In assessing the "reliability" of an expert's opinion, the trial court may consider a list of factors including: "whether a theory or technique . .. can be (and has been) tested," "whether the theory or technique has been subjected to peer review and publication," "the known or potential rate of error," "the existence and maintenance of standards," and "general acceptance" of a theory in the "relevant scientific community." Daubert, 509 U.S. at 593-94; see also Kumho Tire Co., Ltd. v. Carmichael, 526 U.S. 137, 150 (1999) ("Daubert makes clear that the factors it mentions do not constitute a 'definitive checklist or test.'"); U.S. v. Valencia, 600 F.3d 389, 424 (5th Cir. 2010). "The proponent need not prove to the judge that the expert's testimony is correct, but she must prove by a preponderance of the evidence that the testimony is reliable." Johnson, 685 F.3d at 459 (quoting Moore v. Ashland Chem., Inc., 151 F.3d 269, 276 (5th Cir. 1998) (en banc)). At base, "the question of whether the expert is credible or the opinion is correct is generally a question for the fact finder, not the court." Summit 6, LLC v. Samsung Elecs. Co., Ltd., 802 F.3d 1283, 1296 (Fed. Cir. 2015). Indeed, "[v]igorous cross-examination, presentation of contrary evidence, and careful instruction on the burden of proof are the traditional and appropriate means of attacking shaky but admissible evidence." Daubert, 509 U.S. at 596.

         III. ANALYSIS

         A. Dr. Rausser's Reasonable Royalty Testimony

         Plaintiff argues that Dr. Rausser's reasonable royalty opinion should be excluded for three reasons.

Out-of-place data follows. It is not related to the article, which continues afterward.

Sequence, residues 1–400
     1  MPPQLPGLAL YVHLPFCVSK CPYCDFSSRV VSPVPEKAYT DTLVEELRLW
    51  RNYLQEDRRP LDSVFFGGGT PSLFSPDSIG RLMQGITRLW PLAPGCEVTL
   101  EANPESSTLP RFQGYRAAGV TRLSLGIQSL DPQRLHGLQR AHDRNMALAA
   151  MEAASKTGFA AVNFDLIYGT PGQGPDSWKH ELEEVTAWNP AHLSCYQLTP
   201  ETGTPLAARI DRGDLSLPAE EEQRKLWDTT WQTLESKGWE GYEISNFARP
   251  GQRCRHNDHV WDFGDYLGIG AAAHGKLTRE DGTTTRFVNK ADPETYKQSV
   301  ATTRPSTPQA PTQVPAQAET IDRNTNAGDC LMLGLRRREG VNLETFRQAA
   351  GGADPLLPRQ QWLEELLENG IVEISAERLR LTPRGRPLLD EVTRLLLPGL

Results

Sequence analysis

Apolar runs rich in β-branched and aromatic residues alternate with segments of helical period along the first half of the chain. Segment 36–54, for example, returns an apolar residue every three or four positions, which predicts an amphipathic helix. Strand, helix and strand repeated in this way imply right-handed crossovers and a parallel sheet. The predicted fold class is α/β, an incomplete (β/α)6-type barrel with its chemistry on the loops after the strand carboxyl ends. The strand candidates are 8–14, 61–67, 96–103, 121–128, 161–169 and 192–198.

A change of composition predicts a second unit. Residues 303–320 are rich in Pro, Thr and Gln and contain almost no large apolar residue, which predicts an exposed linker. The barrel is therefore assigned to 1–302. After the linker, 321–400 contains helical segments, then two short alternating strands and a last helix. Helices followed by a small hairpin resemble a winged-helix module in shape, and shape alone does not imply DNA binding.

First, Plaintiff argues that Dr. Rausser's analysis is inconsistent with the assumption that the '520 patent is valid and infringed. Plaintiff asserts that Dr. Rausser improperly relies on the anticipation, non-utility, and noninfringement analyses of Defendants' technical experts to apportion minimal value to the '520 patent in the hypothetical negotiation. (D.I. 244 at 4-11). Plaintiff further argues that, in doing so, Dr. Rausser opines on technical issues beyond his expertise. (Id. at 11-12).

         I do not find Dr. Rausser's testimony inconsistent with the assumption that the '520 patent is valid. Dr. Rausser opines that the '520 patent adds little to Adynovate's value because, among other reasons, Adynovate's extended half-life is largely derived from the prior art. (D.I. 245, Ex. B ¶ 104). Relying on Dr. Zalipsky's anticipation testimony, Dr. Rausser concludes that the patent "makes at most a small 'improvement' to the prior art," and thus the parties to the hypothetical negotiation "would have accorded little or no value to the '520 patent compared to the prior art." (Id., Ex. B ¶¶ 126-28).[1]Plaintiff argues that Dr. Rausser wrongly imports a risk of anticipation into his hypothetical negotiation. (D.I. 244 at 5-7). I disagree. Validity does not define a patent's economic value-a patent can be valid yet offer little economic value over existing inventions. Thus, like anticipation, damages may require technical comparisons between the claimed invention and the prior art, albeit for different purposes. To make those comparisons, Dr. Rausser properly relies on Dr. Zalipksy's technical analyses of the claimed invention and the prior art. I do not think Dr. Rausser's testimony is tainted by Dr. Zalipsky's ultimate conclusion that the '520 patent is invalid.